# Week 3: Vectorizing Multiple Examples' video

Hi,

In the concluding segment of the video on “Vectorizing Multiple Examples” in Week 3 of Course 1, shouldn’t the vertical index for Z^[1] still be indexing the number of hidden units in the first hidden layer rather than the number of input units in the input layer?

Assume there are 3 input features - x1, x2, x3, 4 hidden units in the first hidden layer, and m training examples. Z^[1] should then be of the dimensions, 4 x m, where 4 corresponds to the number of hidden units in the first hidden layer, and not 3 x m, no?

Best Regards,
Jason

Hi Jason, if you wish you could paste in a screenshot of the slide that is giving you some pause. But yes, Z^{[1]} should be 4 \times m, where 4 is the number of outputs from the input layer (W^{[1]} is 4 \times 3 and X is 3 \times m).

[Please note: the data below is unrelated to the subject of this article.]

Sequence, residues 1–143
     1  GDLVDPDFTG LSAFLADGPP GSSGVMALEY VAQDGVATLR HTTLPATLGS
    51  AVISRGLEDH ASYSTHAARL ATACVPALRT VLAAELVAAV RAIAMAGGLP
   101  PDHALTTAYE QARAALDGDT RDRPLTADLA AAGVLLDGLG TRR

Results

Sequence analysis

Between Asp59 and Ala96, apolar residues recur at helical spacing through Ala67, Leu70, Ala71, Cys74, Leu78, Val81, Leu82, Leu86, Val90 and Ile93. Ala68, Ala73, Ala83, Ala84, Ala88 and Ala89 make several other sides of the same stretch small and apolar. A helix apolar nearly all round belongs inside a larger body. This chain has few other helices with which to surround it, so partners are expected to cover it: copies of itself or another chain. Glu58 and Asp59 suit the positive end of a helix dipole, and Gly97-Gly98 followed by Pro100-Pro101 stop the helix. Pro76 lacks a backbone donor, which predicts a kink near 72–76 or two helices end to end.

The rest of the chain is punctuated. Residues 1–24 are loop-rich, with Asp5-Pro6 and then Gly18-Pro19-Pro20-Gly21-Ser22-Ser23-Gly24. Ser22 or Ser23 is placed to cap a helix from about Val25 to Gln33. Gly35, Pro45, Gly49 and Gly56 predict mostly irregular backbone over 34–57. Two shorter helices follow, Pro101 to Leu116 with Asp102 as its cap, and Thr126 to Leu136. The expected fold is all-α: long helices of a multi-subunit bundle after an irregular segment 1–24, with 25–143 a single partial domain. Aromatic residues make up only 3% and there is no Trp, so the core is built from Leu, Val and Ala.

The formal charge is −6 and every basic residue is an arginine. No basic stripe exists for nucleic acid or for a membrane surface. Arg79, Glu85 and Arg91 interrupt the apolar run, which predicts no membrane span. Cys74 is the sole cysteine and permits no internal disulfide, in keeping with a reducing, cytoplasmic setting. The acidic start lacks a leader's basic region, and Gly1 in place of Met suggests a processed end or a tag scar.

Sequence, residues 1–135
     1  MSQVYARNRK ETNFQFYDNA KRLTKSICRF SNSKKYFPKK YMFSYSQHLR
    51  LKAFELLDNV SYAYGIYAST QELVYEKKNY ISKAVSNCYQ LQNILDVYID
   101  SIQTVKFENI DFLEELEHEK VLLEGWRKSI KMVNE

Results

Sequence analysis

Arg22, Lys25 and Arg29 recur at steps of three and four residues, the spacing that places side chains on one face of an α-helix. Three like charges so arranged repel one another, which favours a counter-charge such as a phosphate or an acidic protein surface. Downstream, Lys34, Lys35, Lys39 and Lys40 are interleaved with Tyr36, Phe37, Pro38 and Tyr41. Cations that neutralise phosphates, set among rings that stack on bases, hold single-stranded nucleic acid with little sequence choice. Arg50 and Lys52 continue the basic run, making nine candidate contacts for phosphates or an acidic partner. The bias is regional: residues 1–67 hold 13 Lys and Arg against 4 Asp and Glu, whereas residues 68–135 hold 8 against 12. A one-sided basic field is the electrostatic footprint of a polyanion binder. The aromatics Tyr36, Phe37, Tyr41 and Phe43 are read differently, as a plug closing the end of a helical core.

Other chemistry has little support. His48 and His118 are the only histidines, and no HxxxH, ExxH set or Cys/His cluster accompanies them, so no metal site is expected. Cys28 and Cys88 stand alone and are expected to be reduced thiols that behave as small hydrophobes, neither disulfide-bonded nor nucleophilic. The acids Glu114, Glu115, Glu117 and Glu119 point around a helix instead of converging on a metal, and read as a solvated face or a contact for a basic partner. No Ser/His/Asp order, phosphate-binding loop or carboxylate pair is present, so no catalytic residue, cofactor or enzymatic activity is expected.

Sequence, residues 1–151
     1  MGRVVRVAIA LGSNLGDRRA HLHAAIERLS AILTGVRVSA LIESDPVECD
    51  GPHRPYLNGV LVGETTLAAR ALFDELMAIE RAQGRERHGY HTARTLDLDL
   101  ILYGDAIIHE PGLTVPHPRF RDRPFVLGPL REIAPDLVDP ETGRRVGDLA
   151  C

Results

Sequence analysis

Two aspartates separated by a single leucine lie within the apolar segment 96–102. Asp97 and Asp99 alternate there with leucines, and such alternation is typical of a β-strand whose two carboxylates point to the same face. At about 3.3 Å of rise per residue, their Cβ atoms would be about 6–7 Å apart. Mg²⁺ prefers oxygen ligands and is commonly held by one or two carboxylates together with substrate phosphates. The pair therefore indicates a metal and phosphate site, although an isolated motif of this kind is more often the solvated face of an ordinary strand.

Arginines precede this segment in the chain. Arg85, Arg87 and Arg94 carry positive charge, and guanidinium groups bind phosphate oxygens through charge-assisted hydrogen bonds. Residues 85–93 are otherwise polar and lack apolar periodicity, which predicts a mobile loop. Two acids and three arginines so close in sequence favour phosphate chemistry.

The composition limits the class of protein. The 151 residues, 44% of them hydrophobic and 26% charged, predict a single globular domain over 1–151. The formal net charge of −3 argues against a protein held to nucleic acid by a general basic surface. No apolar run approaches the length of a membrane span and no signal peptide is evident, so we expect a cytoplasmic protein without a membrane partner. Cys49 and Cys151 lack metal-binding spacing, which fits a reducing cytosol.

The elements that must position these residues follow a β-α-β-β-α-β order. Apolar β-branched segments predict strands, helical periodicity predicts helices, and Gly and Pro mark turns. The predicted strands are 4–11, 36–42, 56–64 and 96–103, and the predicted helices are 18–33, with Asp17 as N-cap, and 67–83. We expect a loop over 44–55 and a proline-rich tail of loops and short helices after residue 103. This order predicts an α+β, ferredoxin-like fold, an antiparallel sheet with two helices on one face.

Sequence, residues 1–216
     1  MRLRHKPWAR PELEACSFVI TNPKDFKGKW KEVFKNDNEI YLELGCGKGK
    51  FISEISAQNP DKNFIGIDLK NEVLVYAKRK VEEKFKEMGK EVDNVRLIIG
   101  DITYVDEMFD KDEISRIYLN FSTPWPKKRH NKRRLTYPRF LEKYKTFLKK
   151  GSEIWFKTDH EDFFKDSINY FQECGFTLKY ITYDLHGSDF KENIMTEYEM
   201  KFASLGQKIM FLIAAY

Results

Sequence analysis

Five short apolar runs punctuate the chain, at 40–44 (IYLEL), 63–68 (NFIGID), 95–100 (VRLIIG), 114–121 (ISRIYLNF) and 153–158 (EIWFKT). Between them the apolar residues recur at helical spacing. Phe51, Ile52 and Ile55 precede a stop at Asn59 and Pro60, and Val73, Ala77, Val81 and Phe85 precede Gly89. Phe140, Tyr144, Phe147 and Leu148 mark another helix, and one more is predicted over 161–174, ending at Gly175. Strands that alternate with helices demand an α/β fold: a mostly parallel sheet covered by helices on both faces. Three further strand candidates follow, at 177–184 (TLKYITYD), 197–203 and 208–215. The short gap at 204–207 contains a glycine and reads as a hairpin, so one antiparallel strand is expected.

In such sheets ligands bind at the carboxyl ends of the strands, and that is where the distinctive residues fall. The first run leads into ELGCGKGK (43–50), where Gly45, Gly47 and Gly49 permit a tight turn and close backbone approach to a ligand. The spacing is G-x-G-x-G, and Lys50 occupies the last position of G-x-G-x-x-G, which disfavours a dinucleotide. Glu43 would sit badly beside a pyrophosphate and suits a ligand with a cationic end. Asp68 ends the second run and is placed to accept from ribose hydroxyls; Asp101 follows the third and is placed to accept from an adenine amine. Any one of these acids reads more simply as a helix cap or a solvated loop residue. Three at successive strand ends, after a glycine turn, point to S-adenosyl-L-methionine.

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Hi Kenb, thanks for your response. My clarification was over what Prof Andrew narrated in the course of that lecture video and it was not explicitly demonstrated on the slide. Does your “number of outputs from the input layer” refer to the number of hidden units in the first hidden layer? There are only 3 input layer units, x1, x2 and x3. Would like to clarify that the dimensions of Z^[1] should be no. of hidden units in [1] x number of training samples?

Yes. Suppose that we have your three inputs (x1, x2, and x3) and the first layers has four (hidden) units:

Z^{[1]} = W^{[1]}X + b^{[1]}

We know the dimension of X, i.e. A^{[0]}, is 3 \times m. We further know that we want 4 (hidden) units in layer-1 – that’s aour design choice in this example. So Z^{[1]} must be 4 \times m. Which implies that W^{[1]} must be 4 \times 3. The bias term b^{[1]} must have 4 rows, i.e. a 4 \times 1 vector the NumPy broadcasts into a 4 \times m matrix (all columns identical).

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Thanks Kenb for the detailed clarification and explanation.